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Posted by on July 3, 2011 in Movie Reviews

 

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Here is our third and final installment of our tribute to Burt Reynolds: “Malone” (1987).

When looking at Malone I think it is important to put the film in the context of Reynolds’ career, by the mid ’80s his heyday was unfortunately over, and he ceased to be the superstar he once was.  Box office duds like Stick (1985) and Rent-a-Cop (1988), along with unfounded rumors that he had contracted AIDS (he was actually suffering from a joint ailment), were career cyanide.  The TV series Evening Shade provided Reynolds a brief pick-up and an Emmy, but when his marriage to Loni Anderson dissolved into an ugly, endless tabloid drama, Reynolds’ career (and product endorsement contracts) nosedived.  He made Malone right in the eye of this storm.

Now let’s get one with it.  Malone is a 1987 movie, starring Burt Reynolds and written by Christopher Frank and based on a novel by William P. Wingate.  In addition to Reynolds, Cliff Robertson and Lauren Hutton also play major roles.

Malone (Burt Reynolds) has been a “wet” operative for the CIA for many years, serving his country by performing assassinations.  He was tired of his job and wanted to get out of “the company” (as it is typically called) and live a “normal” life.  He is driving through the Pacific Northwest, looking for a place to settle down, when his much-cherished classic Mustang has transmission problems and breaks down outside the town of Comstock.  Reynolds manages to get to a small gas station and is treated like family by a Vietnam veteran, who owns the station, and his daughter.  They are suffering from the nefarious activities of the local big cheese (Cliff Robertson) to take over all the land in the city and turn it into to some quasi- Posse Comitatus haven for “patriots.”  By beating or killing some of the town’s hillbillies (in self-defense), Malone soon runs afoul of the town sheriff who is basically an employee of the developer.  By the end of the film, though, he eventually wins the Sherriff’s respect.  Starting with the most inept of the sinister henchmen, Malone is gradually drawn into the town drama until he achieves his final pyrotechnic victory and moves on—like Minfune’s Yojimbo or Eastwood’s man with no name.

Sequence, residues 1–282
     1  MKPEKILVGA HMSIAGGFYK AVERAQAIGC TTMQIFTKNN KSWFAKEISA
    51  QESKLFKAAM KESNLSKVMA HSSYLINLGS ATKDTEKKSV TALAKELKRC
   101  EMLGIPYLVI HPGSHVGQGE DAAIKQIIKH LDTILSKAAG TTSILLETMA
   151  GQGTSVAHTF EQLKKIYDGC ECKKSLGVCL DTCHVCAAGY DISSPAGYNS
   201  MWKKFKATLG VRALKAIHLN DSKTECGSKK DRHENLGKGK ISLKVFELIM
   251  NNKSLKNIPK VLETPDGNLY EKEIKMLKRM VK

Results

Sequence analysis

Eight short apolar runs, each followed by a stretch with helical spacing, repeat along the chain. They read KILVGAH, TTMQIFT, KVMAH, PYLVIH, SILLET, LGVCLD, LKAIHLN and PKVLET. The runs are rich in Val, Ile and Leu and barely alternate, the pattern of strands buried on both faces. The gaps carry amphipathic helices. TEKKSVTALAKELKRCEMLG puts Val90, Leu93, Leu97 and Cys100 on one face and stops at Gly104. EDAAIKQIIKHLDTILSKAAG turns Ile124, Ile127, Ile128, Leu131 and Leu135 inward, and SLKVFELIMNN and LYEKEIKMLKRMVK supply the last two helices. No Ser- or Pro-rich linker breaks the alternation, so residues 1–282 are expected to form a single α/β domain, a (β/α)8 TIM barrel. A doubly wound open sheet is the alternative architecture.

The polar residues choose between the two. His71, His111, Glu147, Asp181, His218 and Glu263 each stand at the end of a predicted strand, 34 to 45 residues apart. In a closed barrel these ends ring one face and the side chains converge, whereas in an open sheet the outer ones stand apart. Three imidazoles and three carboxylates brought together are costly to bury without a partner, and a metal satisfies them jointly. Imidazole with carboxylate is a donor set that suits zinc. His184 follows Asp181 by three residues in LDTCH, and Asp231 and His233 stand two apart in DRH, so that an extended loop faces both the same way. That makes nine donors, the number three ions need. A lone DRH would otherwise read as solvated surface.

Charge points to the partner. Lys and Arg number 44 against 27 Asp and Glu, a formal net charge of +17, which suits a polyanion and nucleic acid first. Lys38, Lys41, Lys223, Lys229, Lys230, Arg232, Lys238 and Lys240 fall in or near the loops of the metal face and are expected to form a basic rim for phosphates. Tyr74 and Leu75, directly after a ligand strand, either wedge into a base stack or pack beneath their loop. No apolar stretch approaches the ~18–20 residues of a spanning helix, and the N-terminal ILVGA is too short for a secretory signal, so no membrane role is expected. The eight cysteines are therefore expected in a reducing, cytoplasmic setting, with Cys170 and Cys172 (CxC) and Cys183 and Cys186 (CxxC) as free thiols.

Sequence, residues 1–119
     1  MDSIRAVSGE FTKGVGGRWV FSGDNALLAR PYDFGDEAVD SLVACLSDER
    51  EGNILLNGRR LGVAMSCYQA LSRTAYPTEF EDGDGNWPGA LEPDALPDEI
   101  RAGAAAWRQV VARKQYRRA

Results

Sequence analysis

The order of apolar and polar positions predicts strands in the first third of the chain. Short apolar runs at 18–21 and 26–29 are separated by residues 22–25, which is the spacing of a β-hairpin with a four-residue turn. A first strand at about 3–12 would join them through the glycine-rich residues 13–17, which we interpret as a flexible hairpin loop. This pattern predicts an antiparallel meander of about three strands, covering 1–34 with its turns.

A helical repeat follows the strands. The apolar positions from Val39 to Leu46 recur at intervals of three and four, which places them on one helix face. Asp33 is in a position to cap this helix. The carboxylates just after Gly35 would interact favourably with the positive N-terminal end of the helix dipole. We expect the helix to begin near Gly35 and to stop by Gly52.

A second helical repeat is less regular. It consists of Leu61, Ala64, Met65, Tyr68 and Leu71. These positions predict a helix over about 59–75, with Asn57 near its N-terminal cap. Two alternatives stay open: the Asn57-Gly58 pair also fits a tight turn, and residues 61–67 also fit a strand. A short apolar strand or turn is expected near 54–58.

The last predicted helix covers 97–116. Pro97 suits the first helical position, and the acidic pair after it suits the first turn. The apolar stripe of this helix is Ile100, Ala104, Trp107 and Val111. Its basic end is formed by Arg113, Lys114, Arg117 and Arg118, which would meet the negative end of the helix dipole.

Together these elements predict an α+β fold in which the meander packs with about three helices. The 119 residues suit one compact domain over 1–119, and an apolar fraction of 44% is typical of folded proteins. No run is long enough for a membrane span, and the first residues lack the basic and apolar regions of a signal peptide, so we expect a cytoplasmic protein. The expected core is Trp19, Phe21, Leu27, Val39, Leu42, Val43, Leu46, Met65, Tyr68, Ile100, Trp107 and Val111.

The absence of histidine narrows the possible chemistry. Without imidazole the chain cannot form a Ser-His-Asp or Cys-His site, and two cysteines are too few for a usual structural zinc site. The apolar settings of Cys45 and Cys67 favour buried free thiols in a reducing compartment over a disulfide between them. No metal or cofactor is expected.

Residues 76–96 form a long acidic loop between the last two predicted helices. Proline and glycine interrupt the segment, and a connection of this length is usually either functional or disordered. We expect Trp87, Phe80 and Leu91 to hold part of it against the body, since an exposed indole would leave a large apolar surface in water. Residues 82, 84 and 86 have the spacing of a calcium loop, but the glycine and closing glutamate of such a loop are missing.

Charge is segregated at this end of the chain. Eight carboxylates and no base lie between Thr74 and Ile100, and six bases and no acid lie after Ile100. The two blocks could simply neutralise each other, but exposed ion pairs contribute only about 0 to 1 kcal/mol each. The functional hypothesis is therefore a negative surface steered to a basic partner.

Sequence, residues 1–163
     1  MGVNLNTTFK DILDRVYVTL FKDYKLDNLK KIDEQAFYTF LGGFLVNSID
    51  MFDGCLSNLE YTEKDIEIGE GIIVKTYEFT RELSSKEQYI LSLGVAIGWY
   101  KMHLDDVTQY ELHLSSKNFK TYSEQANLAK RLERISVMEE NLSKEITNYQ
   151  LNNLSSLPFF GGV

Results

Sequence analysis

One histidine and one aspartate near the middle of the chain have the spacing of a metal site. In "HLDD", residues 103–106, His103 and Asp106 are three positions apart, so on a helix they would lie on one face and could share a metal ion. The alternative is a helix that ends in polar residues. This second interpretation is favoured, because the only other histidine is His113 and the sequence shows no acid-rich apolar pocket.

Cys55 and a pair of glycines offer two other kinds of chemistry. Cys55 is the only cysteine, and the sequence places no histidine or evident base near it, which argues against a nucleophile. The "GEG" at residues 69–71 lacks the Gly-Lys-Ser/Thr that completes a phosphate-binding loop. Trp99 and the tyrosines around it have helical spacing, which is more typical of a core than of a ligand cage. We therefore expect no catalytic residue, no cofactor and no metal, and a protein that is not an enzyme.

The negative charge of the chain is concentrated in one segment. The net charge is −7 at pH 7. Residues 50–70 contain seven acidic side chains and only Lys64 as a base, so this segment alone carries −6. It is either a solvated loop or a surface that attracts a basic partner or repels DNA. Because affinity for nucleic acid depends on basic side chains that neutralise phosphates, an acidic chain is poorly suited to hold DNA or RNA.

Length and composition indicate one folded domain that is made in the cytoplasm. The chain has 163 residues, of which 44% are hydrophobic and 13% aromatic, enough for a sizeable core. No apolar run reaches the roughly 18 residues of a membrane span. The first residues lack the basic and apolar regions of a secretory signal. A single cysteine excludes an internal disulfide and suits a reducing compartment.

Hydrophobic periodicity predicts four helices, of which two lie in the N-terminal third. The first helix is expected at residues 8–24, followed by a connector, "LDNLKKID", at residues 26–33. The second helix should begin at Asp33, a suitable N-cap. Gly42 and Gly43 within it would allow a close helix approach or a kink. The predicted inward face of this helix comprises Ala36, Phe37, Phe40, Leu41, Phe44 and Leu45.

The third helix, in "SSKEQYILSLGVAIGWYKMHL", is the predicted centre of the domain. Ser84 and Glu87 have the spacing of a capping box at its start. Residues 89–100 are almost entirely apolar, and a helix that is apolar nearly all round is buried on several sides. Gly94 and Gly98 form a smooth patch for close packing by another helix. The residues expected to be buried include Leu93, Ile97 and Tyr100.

Meanwhile, the CIA is none too pleased to hear of Malone’s intended retirement and sends a succession of hit-men after him to ensure that he divulges none of their dirty secrets.  Malone destroys the first two killers at some cost to his own well-being.  The next assassin turns out to be a woman who is susceptible to his charms.

As we know from Sharkey’s Machine, Reynolds is actually not a bad actor when he’s not trying to be “a good old boy” all the time.  Cliff Robertson goes eerily over the top while Lauren Hutton is beautiful, brave and loyal (and I would expect nothing less).  So what do we do with the formulaic movie clearly made by Reynolds because he needed the money?  There is nothing evidently wrong with the film—it doesn’t look low budget, everyone seems to play their parts and get their lines straight.  My advice to you is to enjoy it for what it is a damn good bad movie.

 
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Posted by on March 25, 2011 in Movie Reviews

 

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This Movie is like an old friend–“Real Men” Jim Belushi and John Ritter.

Real Men (1987) starring John Ritter and Jim Belushi is an unknown quantity to many.  The movie didn’t do anything in the theaters, and get at best very infrequent airings on cable movie channels, but is has become a sort of cult classic (yes I agree that term is overused).  I normally reject movies with severe logic deficiencies—even comedies but Real Men has a special place in the comedy section of my DVD collection.  A movie like Real Men for many people is actually quite difficult to like.  Some might say it falls in the same class as “Hudson Hawk,” a different spoof that is as much vilified by its critics as it is glorified by its fans.  As for me and many of my friends, Real Men was an absolutely hilarious experience.

Belushi plays a womanizing super CIA agent who has to take Ritter, a less than average suburbanite, across the country to give aliens a glass of water in exchange for “the good package” or “the big gun.”  On the trip they have so many completely eccentric situations happening to them that I couldn’t help but be entertained.  Today the “zany” adventures of many so-called comedies are so strained that they are beyond being “not funny” and reach into the realm of annoying.  However Real Men has such an air of informality about it, that the films outlandish circumstances were seamless and even got this hardened cynic to suspend belief and laugh until there were tears in my eyes.

This one is definitely a rose, but a tough one to find.

 
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Posted by on December 12, 2009 in Movie Reviews